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People Top 5
LAST UPDATE: Tuesday February 10, 2015 01:10PM EST
PEOPLE Top 5 are the most-viewed stories on the site over the past three days, updated every 60 minutes
- September 14, 1998
- Vol. 50
- No. 9
Whipping Up Creations, from Bedspreads to Ball Gowns, These Stitch-Bewitched Celebrities Have Found a Pattern of Success
By the time General Hospital star Rebecca Herbst realized she had nothing to wear to the L.A. premiere of The Mask of Zorro in July, the gala was just 24 hours away. But she didn't worry, she got to work. "I just made a straight black tube dress with two slits up the side," says the actress, who plays scheming-teen-turned-rape-victim Elizabeth Webber. "I did it in 45 minutes. I was pretty happy."
Though only 21, Herbst has plenty of experience behind a bobbin. A former amateur ice skater, she used to watch closely as her mother, Debbie, stitched up her costumes for competitions. "I used all the extra scraps to make clothes for my Cabbage Patch dolls," she recalls. "It always came pretty naturally to me."
These days, Herbst, working on a computerized Quantum Singer machine she got as a high school graduation present in 1995, channels her energies into special-occasion garments. She made her mauve chiffon gown for the Daytime Emmys in May and her stretch velvet tube dress for the Soap Opera Digest Awards in February. "I don't just make a pair of pants or something," she says with a laugh.
Herbst, who lives in Agoura Hills, Calif., has also created a blanket and romper for the baby daughter of GH costar Sarah Brown. "What I really hope is that one day people will be wearing Rebecca Herbst clothes," she says. "I've always had a designing bug in me."
The handmade look didn't always work for Loretta Sanchez. "In junior high, everyone was wearing bell-bottom jeans, and I had these bright-pink polyester pants, high-waisted, with a zipper up the back," recalls the 38-year-old Democratic congresswoman from Orange County, Calif. "People would say, 'God, can't you afford real clothes?' "
But nobody's criticizing her now. Having abandoned that pink polyester for rich fabrics like satin and raw silk, Sanchez wins praise for her home-stitched designs, which include everything from the bedspread in her Washington, D.C., apartment, to evening gowns she wore to various Clinton Inaugural galas in 1997. She also tinkers with store-bought outfits, adding buttons or sewing up a new skirt for a suit, "so when you see it on someone else, you don't know it's the same suit," she says. At times, Sanchez, a former financial analyst wed to securities trader Stephen Brixey III, even muses about a postcongressional career as a designer. "In government, where it takes years to see the end product, sewing is great because you see it like that," she says, snapping her fingers. "It's instant gratification."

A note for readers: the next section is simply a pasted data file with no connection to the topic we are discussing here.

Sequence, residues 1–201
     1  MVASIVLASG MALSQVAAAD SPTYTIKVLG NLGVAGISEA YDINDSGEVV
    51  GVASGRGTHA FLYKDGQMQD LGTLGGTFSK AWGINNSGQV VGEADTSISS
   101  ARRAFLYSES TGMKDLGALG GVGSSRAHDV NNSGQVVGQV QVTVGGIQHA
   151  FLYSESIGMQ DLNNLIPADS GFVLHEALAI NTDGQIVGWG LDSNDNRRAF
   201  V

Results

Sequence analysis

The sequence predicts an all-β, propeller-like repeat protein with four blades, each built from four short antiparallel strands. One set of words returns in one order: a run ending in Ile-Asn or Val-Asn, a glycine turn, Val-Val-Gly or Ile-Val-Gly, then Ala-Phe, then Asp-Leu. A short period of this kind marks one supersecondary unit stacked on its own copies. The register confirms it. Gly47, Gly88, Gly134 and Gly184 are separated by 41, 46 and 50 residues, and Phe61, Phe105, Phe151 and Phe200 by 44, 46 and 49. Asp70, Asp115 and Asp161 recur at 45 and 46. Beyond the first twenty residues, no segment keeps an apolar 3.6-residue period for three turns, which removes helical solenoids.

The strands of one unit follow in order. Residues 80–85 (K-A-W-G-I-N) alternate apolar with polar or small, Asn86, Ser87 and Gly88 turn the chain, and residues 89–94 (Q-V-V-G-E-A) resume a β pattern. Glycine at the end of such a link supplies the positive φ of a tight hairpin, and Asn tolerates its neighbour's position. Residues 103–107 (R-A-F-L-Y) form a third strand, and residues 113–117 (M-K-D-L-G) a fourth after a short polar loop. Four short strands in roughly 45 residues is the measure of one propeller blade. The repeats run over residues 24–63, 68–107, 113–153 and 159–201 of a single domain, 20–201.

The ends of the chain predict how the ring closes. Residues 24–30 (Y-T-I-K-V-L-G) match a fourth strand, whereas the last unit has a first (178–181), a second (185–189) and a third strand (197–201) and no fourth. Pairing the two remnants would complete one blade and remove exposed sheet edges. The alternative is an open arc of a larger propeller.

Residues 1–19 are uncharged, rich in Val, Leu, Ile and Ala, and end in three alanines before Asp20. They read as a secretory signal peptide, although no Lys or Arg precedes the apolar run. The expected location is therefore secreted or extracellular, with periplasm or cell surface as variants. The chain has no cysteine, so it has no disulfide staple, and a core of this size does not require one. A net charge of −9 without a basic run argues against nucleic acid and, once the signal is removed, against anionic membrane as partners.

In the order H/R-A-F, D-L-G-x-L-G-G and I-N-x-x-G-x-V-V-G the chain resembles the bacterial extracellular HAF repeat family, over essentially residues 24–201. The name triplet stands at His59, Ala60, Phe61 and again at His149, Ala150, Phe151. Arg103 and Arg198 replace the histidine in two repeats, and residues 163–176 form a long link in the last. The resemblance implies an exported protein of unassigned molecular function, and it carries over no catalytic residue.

It isn't frugality that keeps former Baywatch star Traci Bingham bound to her basting thread. It's a desire to be different. "I like to do things that people don't have," says Bingham, 30. "Things that grab attention, so you walk into a room and people say, 'Oh my God, like, where did she get that?' " Hence the black velvet bedspread in her Studio City, Calif., condo and the suede bathing suit she's currently working on (with designer/friend Anastasia Stevenson) for a 1999 calendar. "I'm dying to sew rubber, because I love rubber dresses," says Bingham, who estimates that 55 percent of her wardrobe is custom-made.
Aesthetics aside, the custom look is also practical for Bingham, who has trouble making off-the-rack garments work on her curvy (32D-21-32) frame. "My measurements are very strange," says the actress, who recently wed rock musician Robb Vallier, 28. "Nothing fits; So to have the knowledge of sewing is power."
No fancy electronic machines for Erykah Badu. The hot R&B singer prefers to create her trademark African-style head and body wraps with an old-fashioned needle and thread—and lots of imagination. "I'm much better at hand stitching," says Badu, 27. "I never became a really good sewer, but I can work wonders with a piece of fabric just from experimenting, playing around and being creative."
Badu began sewing as a child, making clothes for her dolls and teddy bears ("anything I could dress like a baby," she recalls). But it was when she was starting out as a singer in her hometown of Dallas that her creativity really came in handy. "I couldn't afford a lot of the different styles I saw in stores, but I could spend $10 or $15 on three yards of fabric, throw it together and have myself a fly little outfit," she says. She also scoured thrift stores for styles she could remake and embellish—"recycling," she calls it—with embroidery, beads and appliqués.
Lately, Badu directs much of her effort toward outfits for her 10-month-old son, Seven, for whom she has tie-dyed, painted and patched jeans, T-shirts and even diapers. "I'm just being an artist," she says. "Everything is an art to me, the clothes I make, how I choose to wear them, how I wrap my head. I close my eyes, and it comes out art."
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